Grant to provide iPads for Early Childhood Special Education
The Consumers Energy Foundation recently awarded the Kalamazoo RESA Early Childhood Special Education (ECSE) team a grant to fund the purchase of iPads and a data collection app. The grant was written by Dr. Kelly Kohler, an ECSE site supervisor in the Early Intensive Behavioral Intervention program, in collaboration with the Western Michigan University Psychology Department.
Grant funds will be used to supply tablets to tutors for children with autism in the ECSE classrooms at KRESA’s West Campus. The tablets can be used for both instructional materials and data collection purposes, Kohler said.
“The iPads and Catalyst, the data collection app, provide a way to collaborate with our entire team. Tutors, speech pathologists, and graduate students can all see how a student doing,” she said. “They can track data on students’ progress, leave notes, and take videos to show how a protocol is implemented. And it’s all HIPPA compliant and secure,” Kohler said.
About 75 students with autism or significant cognitive impairments, ages 3-5, participate in the ECSE program at West Campus. Students receive about 15 hours of Applied Behavioral Analysis (ABA), which research has shown to be the most effective treatment for autism. The ABA curriculum is focused on teaching communication, pre-academic, self-help, play, group, and social skills. The work is intensive, individualized, and carried out by a team of qualified professionals. In addition to special education teachers, students work with paraprofessionals, speech pathologists, occupational therapists, psychologists, and undergraduate and graduate students from WMU.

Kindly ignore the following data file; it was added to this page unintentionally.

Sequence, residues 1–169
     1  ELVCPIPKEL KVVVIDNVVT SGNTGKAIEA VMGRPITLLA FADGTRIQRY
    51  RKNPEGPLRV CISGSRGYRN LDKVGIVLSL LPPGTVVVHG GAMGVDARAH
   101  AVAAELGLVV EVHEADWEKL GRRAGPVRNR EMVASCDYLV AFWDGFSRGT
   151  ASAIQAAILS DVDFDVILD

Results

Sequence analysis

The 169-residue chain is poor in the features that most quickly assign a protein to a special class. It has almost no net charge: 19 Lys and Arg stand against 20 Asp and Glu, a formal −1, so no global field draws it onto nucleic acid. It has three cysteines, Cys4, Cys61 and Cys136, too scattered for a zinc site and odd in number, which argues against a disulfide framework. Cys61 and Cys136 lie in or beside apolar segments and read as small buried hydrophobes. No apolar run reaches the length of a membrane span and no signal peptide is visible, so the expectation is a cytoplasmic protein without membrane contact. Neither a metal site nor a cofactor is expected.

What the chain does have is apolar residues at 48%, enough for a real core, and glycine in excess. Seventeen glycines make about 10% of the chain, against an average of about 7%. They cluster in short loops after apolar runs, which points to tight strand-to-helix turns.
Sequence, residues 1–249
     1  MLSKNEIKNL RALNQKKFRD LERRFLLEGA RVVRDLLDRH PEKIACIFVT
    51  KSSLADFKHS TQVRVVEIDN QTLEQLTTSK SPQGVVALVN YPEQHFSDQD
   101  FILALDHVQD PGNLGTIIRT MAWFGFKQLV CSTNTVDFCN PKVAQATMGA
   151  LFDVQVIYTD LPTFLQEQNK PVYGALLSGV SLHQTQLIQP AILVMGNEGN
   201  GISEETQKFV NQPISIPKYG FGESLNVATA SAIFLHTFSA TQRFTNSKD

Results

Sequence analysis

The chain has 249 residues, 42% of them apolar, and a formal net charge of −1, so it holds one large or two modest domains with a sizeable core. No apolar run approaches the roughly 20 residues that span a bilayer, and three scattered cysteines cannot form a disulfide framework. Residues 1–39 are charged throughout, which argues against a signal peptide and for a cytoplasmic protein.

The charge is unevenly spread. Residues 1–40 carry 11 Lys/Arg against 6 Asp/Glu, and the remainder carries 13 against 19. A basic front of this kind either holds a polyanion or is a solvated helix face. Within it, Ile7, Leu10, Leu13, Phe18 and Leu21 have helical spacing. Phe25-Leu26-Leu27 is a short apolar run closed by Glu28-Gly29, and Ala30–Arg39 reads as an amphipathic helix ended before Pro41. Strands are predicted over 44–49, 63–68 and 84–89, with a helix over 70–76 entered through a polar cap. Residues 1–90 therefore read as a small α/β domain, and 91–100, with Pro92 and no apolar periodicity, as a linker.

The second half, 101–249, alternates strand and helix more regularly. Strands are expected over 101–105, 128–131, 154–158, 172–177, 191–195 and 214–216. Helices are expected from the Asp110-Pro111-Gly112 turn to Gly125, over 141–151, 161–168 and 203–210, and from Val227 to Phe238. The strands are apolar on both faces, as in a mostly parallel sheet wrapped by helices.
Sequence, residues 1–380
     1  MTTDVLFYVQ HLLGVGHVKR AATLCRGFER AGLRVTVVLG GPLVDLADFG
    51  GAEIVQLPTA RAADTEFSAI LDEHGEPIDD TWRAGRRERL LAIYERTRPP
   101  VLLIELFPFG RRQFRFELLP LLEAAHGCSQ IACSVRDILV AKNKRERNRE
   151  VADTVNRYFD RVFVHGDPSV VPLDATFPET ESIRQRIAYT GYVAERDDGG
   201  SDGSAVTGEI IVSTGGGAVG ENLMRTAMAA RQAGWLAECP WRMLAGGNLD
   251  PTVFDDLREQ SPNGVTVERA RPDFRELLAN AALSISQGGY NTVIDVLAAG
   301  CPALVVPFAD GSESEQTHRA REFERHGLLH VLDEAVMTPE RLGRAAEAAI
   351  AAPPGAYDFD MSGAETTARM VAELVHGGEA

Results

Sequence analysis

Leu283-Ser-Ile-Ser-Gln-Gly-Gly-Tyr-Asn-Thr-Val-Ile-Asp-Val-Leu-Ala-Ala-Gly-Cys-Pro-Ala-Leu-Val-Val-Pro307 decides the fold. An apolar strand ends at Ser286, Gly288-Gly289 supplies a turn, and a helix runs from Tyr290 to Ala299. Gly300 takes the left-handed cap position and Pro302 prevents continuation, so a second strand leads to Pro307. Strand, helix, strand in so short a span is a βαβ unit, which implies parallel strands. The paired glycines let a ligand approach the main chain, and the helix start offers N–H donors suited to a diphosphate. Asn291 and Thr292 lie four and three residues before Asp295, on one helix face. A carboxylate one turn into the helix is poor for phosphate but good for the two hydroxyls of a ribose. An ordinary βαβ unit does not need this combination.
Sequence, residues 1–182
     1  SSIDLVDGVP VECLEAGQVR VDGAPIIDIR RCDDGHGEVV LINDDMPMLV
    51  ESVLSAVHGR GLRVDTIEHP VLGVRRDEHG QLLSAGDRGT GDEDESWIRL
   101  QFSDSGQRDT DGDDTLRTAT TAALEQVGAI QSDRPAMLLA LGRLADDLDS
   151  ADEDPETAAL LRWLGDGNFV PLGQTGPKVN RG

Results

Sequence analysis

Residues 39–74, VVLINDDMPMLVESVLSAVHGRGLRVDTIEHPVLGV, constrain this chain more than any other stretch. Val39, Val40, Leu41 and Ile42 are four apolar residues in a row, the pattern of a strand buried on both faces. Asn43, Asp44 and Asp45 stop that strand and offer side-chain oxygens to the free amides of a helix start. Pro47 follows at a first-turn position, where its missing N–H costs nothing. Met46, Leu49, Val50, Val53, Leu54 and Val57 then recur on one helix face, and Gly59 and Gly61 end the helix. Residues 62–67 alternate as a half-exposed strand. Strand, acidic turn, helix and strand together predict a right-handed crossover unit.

“This grant enhances our collaboration with WMU, allowing us to work together and communicate,” said Jen Sova, ECSE Program Administrator.
Kohler and Sova believe the added technology will save their teams a significant amount of time; time they can then dedicate to a child’s curriculum development, staff training and collaboration with other team members. It will also speed up the onboarding process for teachers as students transition between classes.
“We’re tracking all the information on paper right now,” said Sova. “It puts a lot of work on our paraprofessionals who handle much of the paperwork. The technology is able to graph the data we record, saving time for the WMU students we work with, and it will be an incredible tool for tracking the goals we set with each individual student,” she said.
At the end of the day, the technology provided by the Consumers Energy Foundation grant leads to higher quality services for children at West Campus. Staff will spend less time collecting, graphing and analyzing data, and more time with students. “That means more significant gains, better long-term outcomes and a better quality of life for them and their families,” Kohler said.
For more information about ECSE, visit kresa.org.